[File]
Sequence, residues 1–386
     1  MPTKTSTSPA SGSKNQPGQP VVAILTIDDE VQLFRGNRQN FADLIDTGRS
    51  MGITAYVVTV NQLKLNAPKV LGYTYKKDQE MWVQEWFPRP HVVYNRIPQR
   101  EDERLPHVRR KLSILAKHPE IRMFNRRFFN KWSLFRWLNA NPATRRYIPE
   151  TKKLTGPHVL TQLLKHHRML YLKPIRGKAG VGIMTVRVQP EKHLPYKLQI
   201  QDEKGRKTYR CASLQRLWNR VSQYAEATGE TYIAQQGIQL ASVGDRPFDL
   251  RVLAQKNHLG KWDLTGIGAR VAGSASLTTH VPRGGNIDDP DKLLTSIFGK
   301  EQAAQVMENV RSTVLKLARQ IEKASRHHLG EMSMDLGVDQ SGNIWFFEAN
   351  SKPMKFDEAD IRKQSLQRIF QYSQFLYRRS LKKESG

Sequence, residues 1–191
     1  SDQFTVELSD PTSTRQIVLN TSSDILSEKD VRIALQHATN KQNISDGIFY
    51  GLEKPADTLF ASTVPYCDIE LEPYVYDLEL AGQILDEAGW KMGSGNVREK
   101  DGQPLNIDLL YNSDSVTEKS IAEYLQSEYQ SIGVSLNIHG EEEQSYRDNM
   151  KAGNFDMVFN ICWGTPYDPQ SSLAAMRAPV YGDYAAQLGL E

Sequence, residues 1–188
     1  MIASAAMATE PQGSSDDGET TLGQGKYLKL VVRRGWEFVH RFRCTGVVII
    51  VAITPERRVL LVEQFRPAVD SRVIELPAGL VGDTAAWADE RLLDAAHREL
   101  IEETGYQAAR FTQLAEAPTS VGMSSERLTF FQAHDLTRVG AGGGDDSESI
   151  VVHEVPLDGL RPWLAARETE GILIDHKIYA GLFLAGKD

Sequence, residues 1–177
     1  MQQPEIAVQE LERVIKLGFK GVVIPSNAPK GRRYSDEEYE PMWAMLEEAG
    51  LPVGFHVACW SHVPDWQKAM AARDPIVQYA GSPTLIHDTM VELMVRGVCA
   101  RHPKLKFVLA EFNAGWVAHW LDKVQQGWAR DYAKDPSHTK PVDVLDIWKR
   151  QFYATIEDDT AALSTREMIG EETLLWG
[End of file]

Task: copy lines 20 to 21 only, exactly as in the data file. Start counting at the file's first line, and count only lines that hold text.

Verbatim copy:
Sequence, residues 1–177
     1  MQQPEIAVQE LERVIKLGFK GVVIPSNAPK GRRYSDEEYE PMWAMLEEAG